To elaborate a bit, I should say that the question of the existence of a complete metric is only of interest in the case of manifolds of infinite topological type; if a manifold is compact, any metric is complete, and if a noncompact manifold has finite topological type(ie is diffeomorphic to the interior of a compact manifold with boundary,) one can contruct a complete metric on the manifold with boundary via a partition of unity, and then divide by the square of a defining function to get an complete asymptotically metric on the interior.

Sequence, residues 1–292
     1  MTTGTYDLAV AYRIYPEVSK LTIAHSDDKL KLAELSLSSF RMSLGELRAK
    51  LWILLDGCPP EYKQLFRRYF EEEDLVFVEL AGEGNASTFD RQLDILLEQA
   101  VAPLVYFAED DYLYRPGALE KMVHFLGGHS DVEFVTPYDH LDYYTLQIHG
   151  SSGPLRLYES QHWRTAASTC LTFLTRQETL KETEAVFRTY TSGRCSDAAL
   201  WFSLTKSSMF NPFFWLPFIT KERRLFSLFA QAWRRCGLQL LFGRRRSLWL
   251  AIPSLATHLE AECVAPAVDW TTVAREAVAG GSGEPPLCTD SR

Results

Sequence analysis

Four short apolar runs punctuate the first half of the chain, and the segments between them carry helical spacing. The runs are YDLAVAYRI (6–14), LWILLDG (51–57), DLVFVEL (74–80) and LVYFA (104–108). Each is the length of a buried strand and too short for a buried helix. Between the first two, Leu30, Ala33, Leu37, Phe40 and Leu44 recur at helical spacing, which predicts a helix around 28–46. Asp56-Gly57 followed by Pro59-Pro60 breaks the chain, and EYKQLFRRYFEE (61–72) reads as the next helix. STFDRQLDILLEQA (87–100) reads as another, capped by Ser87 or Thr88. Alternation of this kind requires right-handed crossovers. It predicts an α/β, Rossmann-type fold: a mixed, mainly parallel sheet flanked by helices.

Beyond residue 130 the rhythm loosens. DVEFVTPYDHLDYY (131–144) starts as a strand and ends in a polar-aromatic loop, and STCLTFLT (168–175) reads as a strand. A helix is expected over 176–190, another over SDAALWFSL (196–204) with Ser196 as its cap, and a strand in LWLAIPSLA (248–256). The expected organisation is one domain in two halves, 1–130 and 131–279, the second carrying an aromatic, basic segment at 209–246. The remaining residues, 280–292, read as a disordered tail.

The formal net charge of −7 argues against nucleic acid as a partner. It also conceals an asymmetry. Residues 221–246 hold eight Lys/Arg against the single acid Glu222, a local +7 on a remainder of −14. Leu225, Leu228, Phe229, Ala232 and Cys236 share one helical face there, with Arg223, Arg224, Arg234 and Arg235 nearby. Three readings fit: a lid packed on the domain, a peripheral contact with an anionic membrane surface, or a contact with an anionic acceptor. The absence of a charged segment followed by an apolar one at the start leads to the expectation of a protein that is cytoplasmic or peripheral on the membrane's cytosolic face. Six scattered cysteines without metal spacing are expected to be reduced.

I have absolutely no intuition for how "wild" these manifolds can be. The only examples I can think of are infinite connected sums and quotients of negatively curved symmetric spaces by sufficiently complicated groups, but I'd imagine that one can construct some pathological examples by limiting arguments.